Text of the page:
What Spielberg doesn’t, or can’t, recognize is that this story has no such potential. A.I. began life as a 1969 short story by Brian Aldiss. For years, the late Stanley Kubrick wanted to turn the story into a movie; he consulted Spielberg on the visual effects he wanted to use for it, and even suggested Spielberg direct it and he himself produce it. After Kubrick’s death, his estate offered the project to Spielberg, who takes sole screenplay credit, working from a “screen story” by Ian Watson. To put it mildly, what Spielberg has done with the material is not what Kubrick might have done with it, though the fact remains that Kubrick spent years trying to find a cinematic way into the story and couldn’t. What made Spielberg think he could? He can’t, either.

William Hurt appears at the beginning, as a robot-engineering guru named Professor Hobby (very subtle). We’re in the future; the ice caps have melted, submerging the coastal cities and drowning millions, and mechas have been created to take care of some of the tasks humans used to do. Apparently, they’re only available to the elite who can afford them; the movie doesn’t get much into the middle-class or working-class response to the mechas, or their resentment at being replaced by them — though this is alluded to in a dark-carnival scene of violence, set at the “Flesh Fair,” where malfunctioning robots are shot out of cannons or drenched with acid for the amusement of hooting mobs of lowbrows.

So, is artificial intelligence good or bad? Kubrick would have concluded that any robotic intelligence designed and controlled by fallible humans is bound to break down eventually (see HAL 9000). Spielberg, on the other hand, doesn’t seem to know or care. But back to Professor Hobby, who speaks about the need to build a mecha capable of love. Such a creation, he reasons, will be perfect for couples who cannot have (or have lost) a real child. Someone brings up the question of what happens when a loving mecha is thrown in with people who cannot love it in return; Professor Hobby is stuck for an answer, and so is the movie, which in any case doesn’t linger very long on the question.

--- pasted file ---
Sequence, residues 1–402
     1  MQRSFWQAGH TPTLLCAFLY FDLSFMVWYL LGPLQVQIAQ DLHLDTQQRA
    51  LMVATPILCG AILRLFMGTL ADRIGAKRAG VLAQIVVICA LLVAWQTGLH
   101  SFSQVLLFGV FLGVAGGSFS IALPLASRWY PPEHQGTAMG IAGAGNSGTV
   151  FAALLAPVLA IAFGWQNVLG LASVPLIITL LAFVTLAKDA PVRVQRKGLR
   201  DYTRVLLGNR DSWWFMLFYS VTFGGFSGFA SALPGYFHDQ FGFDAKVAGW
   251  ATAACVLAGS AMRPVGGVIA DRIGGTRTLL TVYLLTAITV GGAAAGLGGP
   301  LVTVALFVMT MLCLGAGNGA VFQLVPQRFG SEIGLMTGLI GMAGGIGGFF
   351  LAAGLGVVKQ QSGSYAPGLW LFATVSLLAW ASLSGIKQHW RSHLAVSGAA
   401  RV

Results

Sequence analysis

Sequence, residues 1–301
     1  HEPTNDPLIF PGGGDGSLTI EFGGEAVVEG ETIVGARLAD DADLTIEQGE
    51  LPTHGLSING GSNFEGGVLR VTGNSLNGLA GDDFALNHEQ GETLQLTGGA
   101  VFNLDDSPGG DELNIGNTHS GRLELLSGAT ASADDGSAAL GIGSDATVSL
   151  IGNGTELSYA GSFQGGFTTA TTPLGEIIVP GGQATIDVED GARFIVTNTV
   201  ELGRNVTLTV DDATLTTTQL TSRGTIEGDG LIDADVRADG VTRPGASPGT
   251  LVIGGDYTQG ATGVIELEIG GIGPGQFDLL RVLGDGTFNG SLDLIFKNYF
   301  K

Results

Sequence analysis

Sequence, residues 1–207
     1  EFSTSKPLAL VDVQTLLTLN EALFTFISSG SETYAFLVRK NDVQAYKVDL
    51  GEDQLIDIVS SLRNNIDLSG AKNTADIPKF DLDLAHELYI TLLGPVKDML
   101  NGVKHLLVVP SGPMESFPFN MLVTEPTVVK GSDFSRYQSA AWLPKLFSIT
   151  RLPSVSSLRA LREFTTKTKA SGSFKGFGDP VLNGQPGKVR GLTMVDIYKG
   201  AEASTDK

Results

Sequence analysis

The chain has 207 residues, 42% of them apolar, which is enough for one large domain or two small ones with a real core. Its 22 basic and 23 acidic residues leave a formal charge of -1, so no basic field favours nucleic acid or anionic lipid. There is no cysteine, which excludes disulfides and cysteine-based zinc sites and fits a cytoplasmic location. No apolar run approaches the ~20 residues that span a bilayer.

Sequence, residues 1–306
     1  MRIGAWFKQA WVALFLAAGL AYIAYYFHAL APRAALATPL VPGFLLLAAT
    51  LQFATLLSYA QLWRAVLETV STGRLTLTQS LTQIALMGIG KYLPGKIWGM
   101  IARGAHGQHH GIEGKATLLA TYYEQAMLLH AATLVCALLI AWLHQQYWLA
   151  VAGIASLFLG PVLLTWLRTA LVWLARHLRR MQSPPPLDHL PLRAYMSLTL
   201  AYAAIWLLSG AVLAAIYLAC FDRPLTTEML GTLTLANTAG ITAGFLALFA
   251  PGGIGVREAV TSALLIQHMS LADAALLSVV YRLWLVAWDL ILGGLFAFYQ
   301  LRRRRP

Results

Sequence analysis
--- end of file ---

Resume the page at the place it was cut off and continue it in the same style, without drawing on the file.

When David is brought home to his human “parents” — whose genetic son is cryogenically frozen until doctors can find a cure for whatever’s wrong with him — we’re meant to find David a bit creepy (an overused word in reviews of A.I., but it fits). We identify with the bafflement and, eventually, the horror felt by the parents as they watch this simulacrum interact with their real son, Martin (Jake Thomas), who has been cured and brought home. Martin is sportive and sadistic towards David; sometimes he seems to think it’s cool to have a mecha for an adopted brother, other times he seems to find the very idea of David — and of being replaced by him, even if only temporarily — offensive.

In any event, most of this is forgotten once Monica, frightened by one mishap too many, takes David to a remote, woodsy area and abandons him. This, I think, is where the movie first seriously goes astray: Spielberg abandons a cool, contemplative premise in favor of masochistic longing — he leaves his own movie out in an emotional nowhere to fend for itself, and it’s not a pretty sight. In a cruelly overextended scene, David weeps and begs his cherished mother to take him back. If done differently, the moment could resonate across many fields of experience in the audience, but Spielberg oversells it, just as he goes on to oversell everything else in the movie.

A viewer might assume that the stage is being set for a fable in the tradition of A Clockwork Orange, which thirty years ago was already parodying this sort of woe-is-me trauma (in the scenes wherein Malcolm McDowell, post-Ludivico, returns home and is rejected, beaten and nearly killed). Spielberg has something different in mind, though: a series of disjointed adventures that smack dangerously of the frantic exertions in his Hook. David meets up with a sex robot named Gigolo Joe (Jude Law), who has been framed for the murder of one of his female clients. Joe’s backstory seems pointless except to explain why he’s on the lam and to provide yet another instance of human mistreatment of mechas. We’re meant to feel, helplessly, that this just isn’t fair. To paraphrase John Lennon, mechas are the n—–s of the world, used up and then torn apart. This sounds like Kubrick in rare form, but Spielberg’s tone is way off. The tenor of the movie is oddly resentful: these worthless, compassionless humans don’t deserve the service of the very beings they’ve built. Humans are seen as crude, incompetent gods sending their creations into squalor. Kubrick might have chuckled icily at the hubris of man playing God; Spielberg stamps his foot and says it just isn’t right.